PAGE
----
[o]ther Ugandan laws that are potentially useful in the prevention of child marriage include the anti-trafficking act (2010), the domestic violence act (2010), and the anti- female genital mutilation act (2009). The laws protect girls from early sex and penalise coerced sexual intercourse and forced marriages. (UN June 2015, 22)

This Response was prepared after researching publicly accessible information currently available to the Research Directorate within time constraints. This Response is not, and does not purport to be, conclusive as to the merit of any particular claim for refugee protection. Please find below the list of sources consulted in researching this Information Request.

Note

[1] As of 1 July 2015, the Centre for Africana Studies at the University of Pennsylvania has assumed the activities of the Africa Center (University of Pennsylvania n.d.b).

References

L'aménagement linguistique dans le monde. 8 May 2015. Jacques Leclerc, associate member of the Trésor de la langue française au Québec (TLFQ), Université Laval. "Ouganda." [Accessed 22 Oct. 2015]

Associate Professor, University of Maryland Eastern Shore. 15 October 2015. Telephone interview.

The Daily Monitor. 10 August 2015. "Uganda: Implement Law Against Child, Forced Marriage." [Accessed 16 Oct. 2015]

_____. 4 August 2015. "Uganda: Forced Marriages Still Rampant in Karamoja." [Accessed 19 Oct. 2015]

Joy for Children-Uganda. 20 October 2015. Correspondence from a representative to the Research Directorate.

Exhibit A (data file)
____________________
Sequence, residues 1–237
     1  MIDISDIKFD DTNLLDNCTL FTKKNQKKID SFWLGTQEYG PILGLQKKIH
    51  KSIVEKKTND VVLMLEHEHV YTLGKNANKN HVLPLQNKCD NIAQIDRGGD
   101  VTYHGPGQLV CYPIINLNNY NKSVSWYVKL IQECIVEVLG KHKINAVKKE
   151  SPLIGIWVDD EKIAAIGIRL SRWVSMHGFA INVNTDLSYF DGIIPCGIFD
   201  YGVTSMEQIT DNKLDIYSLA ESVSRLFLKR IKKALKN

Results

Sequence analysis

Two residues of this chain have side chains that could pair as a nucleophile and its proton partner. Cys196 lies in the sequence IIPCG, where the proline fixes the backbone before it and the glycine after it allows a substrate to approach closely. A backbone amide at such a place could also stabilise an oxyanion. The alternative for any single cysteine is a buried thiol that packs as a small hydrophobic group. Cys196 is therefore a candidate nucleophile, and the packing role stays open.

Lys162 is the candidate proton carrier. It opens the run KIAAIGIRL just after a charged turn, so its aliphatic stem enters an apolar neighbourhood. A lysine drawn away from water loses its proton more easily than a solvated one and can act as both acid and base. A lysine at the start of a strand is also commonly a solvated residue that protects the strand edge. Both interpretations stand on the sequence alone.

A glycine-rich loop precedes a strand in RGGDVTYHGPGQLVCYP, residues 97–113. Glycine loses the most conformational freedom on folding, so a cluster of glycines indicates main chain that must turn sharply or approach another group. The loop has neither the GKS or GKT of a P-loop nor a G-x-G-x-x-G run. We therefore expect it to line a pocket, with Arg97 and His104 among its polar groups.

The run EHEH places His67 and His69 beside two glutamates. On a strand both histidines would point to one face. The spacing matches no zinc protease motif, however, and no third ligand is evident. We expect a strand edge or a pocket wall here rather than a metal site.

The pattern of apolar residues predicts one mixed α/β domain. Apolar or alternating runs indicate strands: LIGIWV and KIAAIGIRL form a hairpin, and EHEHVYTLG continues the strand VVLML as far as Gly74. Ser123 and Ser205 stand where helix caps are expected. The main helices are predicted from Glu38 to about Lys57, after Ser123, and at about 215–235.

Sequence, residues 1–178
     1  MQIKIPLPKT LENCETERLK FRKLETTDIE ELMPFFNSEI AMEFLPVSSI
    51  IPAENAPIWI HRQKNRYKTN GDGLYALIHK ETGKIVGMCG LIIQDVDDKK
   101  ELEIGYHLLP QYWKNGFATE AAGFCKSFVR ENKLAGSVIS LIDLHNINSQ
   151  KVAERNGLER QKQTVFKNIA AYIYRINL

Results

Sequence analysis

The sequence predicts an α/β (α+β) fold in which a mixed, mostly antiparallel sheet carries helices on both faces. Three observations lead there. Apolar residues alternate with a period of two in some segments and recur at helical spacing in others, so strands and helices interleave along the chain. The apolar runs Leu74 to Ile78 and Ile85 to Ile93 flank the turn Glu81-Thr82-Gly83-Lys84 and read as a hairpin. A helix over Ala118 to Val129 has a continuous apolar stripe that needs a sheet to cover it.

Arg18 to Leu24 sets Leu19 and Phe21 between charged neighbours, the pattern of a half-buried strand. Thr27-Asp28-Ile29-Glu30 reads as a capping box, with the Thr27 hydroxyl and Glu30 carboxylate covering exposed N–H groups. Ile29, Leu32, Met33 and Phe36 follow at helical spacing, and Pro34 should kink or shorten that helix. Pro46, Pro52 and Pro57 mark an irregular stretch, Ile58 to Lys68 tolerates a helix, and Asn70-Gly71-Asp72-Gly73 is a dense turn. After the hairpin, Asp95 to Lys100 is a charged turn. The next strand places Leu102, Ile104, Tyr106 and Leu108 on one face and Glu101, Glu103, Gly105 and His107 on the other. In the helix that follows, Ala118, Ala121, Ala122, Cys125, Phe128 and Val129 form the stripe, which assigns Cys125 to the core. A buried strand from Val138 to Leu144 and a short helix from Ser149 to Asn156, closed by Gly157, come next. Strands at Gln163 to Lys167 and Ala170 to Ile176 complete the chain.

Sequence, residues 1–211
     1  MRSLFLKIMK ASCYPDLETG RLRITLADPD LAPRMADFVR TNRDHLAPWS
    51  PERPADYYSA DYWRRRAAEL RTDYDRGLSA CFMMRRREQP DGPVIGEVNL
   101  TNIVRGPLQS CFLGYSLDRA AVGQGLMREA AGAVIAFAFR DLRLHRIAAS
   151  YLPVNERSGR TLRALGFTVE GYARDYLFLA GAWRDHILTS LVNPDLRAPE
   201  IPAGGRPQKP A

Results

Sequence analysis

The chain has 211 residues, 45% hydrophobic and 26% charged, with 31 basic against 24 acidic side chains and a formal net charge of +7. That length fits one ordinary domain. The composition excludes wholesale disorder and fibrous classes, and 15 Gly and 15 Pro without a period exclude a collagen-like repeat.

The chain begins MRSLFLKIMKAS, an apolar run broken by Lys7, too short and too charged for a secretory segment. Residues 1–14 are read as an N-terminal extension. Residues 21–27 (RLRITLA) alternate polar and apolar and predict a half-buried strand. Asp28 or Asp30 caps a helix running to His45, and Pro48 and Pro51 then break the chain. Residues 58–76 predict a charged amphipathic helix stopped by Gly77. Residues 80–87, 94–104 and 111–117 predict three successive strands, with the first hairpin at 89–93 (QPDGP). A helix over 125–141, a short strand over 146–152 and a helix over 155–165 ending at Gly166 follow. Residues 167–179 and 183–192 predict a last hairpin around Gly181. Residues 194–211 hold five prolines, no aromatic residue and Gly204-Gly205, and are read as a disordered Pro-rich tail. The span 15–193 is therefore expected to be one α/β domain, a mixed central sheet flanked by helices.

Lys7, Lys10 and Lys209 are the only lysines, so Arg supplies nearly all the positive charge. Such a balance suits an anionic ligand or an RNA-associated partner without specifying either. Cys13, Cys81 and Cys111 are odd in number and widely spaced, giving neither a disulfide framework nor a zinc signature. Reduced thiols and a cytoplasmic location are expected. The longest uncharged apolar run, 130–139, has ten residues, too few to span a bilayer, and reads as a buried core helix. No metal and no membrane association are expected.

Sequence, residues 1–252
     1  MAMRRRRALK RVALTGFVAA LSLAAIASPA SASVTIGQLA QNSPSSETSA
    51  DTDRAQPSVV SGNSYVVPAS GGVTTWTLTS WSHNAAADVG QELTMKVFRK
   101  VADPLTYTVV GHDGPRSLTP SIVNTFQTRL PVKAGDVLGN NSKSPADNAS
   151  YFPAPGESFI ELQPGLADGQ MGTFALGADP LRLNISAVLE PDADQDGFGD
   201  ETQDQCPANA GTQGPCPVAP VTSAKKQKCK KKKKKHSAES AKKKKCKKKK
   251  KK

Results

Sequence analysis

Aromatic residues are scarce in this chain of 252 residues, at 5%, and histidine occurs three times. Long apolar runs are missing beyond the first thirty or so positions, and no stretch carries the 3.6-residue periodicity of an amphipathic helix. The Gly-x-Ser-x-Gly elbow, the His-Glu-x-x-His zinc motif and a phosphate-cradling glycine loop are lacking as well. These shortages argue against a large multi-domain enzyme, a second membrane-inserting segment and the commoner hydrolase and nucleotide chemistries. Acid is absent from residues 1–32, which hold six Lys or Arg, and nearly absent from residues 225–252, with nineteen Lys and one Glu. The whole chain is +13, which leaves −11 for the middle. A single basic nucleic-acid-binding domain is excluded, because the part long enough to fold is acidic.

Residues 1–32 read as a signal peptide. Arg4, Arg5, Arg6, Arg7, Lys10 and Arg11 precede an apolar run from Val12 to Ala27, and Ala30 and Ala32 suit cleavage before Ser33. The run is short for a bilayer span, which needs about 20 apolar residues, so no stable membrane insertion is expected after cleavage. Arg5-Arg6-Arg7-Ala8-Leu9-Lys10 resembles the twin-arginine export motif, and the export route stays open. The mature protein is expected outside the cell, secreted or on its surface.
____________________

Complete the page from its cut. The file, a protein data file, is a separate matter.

_____. N.d.a. "About Us." [Accessed 20 Oct. 2015]

_____. N.d.b. "Child, Early and Forced Marriage in Uganda." [Accessed 19 Oct. 2015]

Uganda. 1997. The Penal Code (Amendment) Act, 2007. [Accessed 22 Oct. 2015]

_____. 1995. Constitution of the Republic of Uganda, 1995. [Accessed 22 Oct. 2015]

United Nations (UN). June 2015. Children's Fund (UNICEF). The National Strategy to End Child Marriage and Teenage Pregnancy. [Accessed 20 Oct. 2015]

United States (US). 25 June 2015. Department of State. "Uganda." Country Reports on Human Rights Practices for 2014. [Accessed 19 Oct. 2015]

University of Pennsylvania. N.d.a. "Uganda - Ethnic Groups." [Accessed 22 Oct. 2015]

_____. N.d.b. The Africa Center. "Center for Africana Studies Assumes Activities of the Africa Center." [Accessed 22 Oct. 2015]

World Bulletin. "Buganda: Uganda's 1,000-year-old Kingdom." [Accessed 22 Oct. 2015]

Additional Sources Consulted

Oral sources: Consultancy Africa Intelligence; Department of History, Virginia Polytechnic Institute and State University; Girls not Brides; Global Fund for Women; International and Global Studies, Rochester Institute of Technology, New York; International Federation of Women Lawyers (FIDA) in Uganda; Pastoral Women Alliance to Break Cultural Chains, police in Uganda; University of Bristol, United Kingdom; University of Warwick, United Kingdom;

Internet sites, including: AllAfrica; Amnesty International; British Broadcasting Corporation; Consultancy Africa Intelligence; ecoi.net; Factiva; Freedom House; Girls not Brides; Global Fund for Women; Human Rights Watch; International Federation for Human Rights; International Federation of Women Lawyers (FIDA) in Uganda; Organization of African Unity; Peace Women; Uganda - gov.ug, Judiciary, Ministry of Finance, Planning and Economic Development, Parliament of Uganda, Police Force, State House Uganda; United Nations - Refworld, UN Women; World Health Organization.

Copyright notice: This document is published with the permission of the copyright holder and producer Immigration and Refugee Board of Canada (IRB). The original version of this document may be found on the offical website of the IRB at http://www.irb-cisr.gc.ca/en/. Documents earlier than 2003 may be found only on Refworld.